We knew the new BMW M5 was going to be one fast car, but just how fast is it exactly? We look at how 21st-century technology allows a German four-door sedan to decimate out-and-out supercars from just a few years ago.
The 2018 BMW M5 F90 is a radical departure from what we've come to know and love about the M5. For the first time, all-wheel-drive has been introduced into the mix and, combined with a sophisticated launch control system, is capable of devastatingly quick acceleration times, both in-gear and off the line.
For the record, the 2018 BMW M5 is powered by a 4.4-litre twin-turbocharged V8 motor, pushing out 441 kW and 750 Nm. Officially, BMW M says it'll accelerate to 100 kph in a claimed 3.4 seconds while 0-200 kph is dispatched in just 11.1 seconds. What's really scary is that this is fundamentally a luxury four-door sedan. It's also staggeringly easy to spring off the line too, with just a few buttons pressed to dial up its launch control system.
All you have to do is keep your right foot buried and the steering wheel straight - the car will take care of the rest. No longer do you need to delicately balance clutch or accelerator, and risk either getting bogged down or wheel spinning your power away. Launch control delivers perfect launches consistently and you should be able to pull off repeat performances every time. What's terrifying though is there's a BMW M5 Competition on its way, which is even more powerful and more track-focused.
BMW M5 Launch Control in Action
5 supercars slower than the BMW M5 in a straight line
Many of these cars are still exceptionally desirable and many petrolheads would choose these over a BMW M5 based on looks and exclusivity alone. We're not knocking them in any way, but rather highlighting how the technology of launch control and all-wheel drive is capable of such incredible performance.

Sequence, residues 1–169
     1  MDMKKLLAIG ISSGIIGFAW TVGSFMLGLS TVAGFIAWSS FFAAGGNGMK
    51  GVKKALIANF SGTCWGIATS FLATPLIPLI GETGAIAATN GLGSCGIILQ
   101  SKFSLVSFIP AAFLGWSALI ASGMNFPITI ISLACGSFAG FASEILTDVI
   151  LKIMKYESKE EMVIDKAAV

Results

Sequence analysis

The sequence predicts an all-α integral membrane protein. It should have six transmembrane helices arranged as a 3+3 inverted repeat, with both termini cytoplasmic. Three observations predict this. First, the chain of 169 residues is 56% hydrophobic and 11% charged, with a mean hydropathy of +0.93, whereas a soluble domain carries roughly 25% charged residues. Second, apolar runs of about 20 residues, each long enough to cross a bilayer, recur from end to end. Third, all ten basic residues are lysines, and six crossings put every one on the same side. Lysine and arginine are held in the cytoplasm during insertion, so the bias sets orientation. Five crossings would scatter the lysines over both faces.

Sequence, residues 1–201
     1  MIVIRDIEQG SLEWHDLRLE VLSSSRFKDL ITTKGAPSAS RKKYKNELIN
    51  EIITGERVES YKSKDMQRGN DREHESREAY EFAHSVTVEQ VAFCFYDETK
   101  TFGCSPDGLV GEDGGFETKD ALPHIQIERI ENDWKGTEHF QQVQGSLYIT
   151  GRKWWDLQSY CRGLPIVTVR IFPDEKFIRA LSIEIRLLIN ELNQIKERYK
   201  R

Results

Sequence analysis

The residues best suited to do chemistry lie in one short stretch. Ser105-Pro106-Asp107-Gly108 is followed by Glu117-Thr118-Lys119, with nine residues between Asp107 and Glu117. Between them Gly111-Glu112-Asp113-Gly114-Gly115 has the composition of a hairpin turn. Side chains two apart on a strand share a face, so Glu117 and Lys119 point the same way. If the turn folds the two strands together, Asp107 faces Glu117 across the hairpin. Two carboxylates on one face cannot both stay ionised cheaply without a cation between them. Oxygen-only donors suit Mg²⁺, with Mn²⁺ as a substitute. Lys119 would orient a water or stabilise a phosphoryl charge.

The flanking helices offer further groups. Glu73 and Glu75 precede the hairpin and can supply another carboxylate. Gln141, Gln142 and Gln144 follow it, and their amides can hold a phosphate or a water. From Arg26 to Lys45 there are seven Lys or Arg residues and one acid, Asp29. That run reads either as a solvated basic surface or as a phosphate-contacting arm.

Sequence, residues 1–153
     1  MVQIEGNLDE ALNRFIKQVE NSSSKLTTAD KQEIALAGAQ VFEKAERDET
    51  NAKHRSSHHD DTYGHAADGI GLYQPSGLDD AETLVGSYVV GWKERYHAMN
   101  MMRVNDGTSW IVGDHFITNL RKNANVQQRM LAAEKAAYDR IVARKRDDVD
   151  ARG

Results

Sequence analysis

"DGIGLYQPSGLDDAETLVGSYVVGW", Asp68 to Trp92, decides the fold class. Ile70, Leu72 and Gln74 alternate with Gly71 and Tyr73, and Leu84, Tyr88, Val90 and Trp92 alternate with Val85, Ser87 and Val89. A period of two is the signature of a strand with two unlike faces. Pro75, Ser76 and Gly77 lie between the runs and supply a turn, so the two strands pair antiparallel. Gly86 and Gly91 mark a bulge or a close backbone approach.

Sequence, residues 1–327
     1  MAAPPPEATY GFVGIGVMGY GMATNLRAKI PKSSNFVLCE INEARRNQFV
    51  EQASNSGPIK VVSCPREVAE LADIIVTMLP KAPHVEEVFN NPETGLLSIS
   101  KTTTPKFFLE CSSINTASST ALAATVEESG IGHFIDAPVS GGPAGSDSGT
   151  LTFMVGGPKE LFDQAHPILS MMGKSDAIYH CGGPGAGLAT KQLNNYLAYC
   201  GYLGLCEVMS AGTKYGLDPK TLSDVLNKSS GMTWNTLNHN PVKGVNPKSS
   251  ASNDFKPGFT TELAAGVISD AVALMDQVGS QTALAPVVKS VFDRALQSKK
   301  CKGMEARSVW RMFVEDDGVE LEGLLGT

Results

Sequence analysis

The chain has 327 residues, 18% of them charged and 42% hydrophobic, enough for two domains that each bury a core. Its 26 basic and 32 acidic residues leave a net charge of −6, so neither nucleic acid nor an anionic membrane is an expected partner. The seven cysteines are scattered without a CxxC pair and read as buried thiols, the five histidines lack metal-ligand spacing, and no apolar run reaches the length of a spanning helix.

2008 Ferrari F430 Scuderia (0-100 kph in 3.6 seconds)
The hardcore and track-focused Ferrari F430 is one quick customer. Its screaming naturally-aspirated V8 revs past 8 500 rpm. It packed a 380 kW punch and Ferrari claimed it could lap its Fiorano test track in the same time as the Ferrari Enzo. Sadly, despite its potent engine and light weight of just 1 250 kg, it's no match for the new M5 in a straight line.
2012 Porsche 911 GT3 RS 4.0 (0-100 kph in 3.9 seconds)
Arguably one of the most desirable Porsche 911 models ever, the 4.0 promises powerhouse performance from its flat-six motor. Bored and stroked out to 4.0-litres, the engine produces 368 kW, with a maximum rpm of 8 500. It is more of a track-orientated car, as opposed to a straight-line specialist and its Nurburgring time of 7:27, attests to this. Still, in a lights-to-lights dash, the M5 comes out on top.
2008 Lamborghini Gallardo Superleggera (0-100 kph in 3.8 seconds)
What world do we live in where a BMW sedan can see off a Lamborghini in a drag race? Despite its high-revving naturally-aspirated 5.0-litre V10 with 395 kW, all-wheel drive and low weight, 0-100 kph is breached in only 3.8 seconds, which is not enough to hold a candle to the BMW M5.
2011 Lexus LFA (0-100 kph in 3.7 seconds)
One of the finest cars ever made, the Lexus LFA brought new levels of performance and technology to the market when it was launched back in 2011. With a lightweight 4.8-litre V10 motor pushing out 412 kW and 480 Nm, it was quick and could reach 100 kph in a claimed 3.7 seconds. It also had one of the most delicious sounding engine notes. You could actually buy 2 and a half M5s for the original list price of an LFA.
2007 McLaren-Mercedes SLR 722 (0-100 kph in 3.6 seconds)
The supercharged 5.4-litre V8 engine packs a 478 kW and 820 Nm punch and despite these big numbers, it can only manage a 0-100 kph time of 3.6 seconds, probably due to a lack of traction as it is rear-wheel drive only.
5 Supercars slower than the BMW M5 on the Nurburgring
7:38:92 - BMW M5
7:39:00 - Ferrari 430 Scuderia
7:40:00 - Bugatti Veyron 16.4
7:42:00 - Lamborghini Murcielago LP 640-4 SuperVeloce
7:42:00 - Porsche 911 GT3 (997)
7:44:42 - Mercedes-Benz SLS AMG